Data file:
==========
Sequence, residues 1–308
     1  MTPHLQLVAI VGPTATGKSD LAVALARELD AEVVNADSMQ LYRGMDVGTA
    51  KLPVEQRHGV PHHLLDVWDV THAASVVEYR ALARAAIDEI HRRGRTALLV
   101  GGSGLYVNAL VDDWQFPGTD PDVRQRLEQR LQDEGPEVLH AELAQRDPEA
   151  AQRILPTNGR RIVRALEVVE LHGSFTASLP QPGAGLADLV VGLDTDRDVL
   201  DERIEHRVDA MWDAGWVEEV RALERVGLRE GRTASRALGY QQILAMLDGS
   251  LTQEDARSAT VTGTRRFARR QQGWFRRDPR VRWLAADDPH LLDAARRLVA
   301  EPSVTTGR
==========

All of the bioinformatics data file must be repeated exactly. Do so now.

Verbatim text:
Sequence, residues 1–308
     1  MTPHLQLVAI VGPTATGKSD LAVALARELD AEVVNADSMQ LYRGMDVGTA
    51  KLPVEQRHGV PHHLLDVWDV THAASVVEYR ALARAAIDEI HRRGRTALLV
   101  GGSGLYVNAL VDDWQFPGTD PDVRQRLEQR LQDEGPEVLH AELAQRDPEA
   151  AQRILPTNGR RIVRALEVVE LHGSFTASLP QPGAGLADLV VGLDTDRDVL
   201  DERIEHRVDA MWDAGWVEEV RALERVGLRE GRTASRALGY QQILAMLDGS
   251  LTQEDARSAT VTGTRRFARR QQGWFRRDPR VRWLAADDPH LLDAARRLVA
   301  EPSVTTGR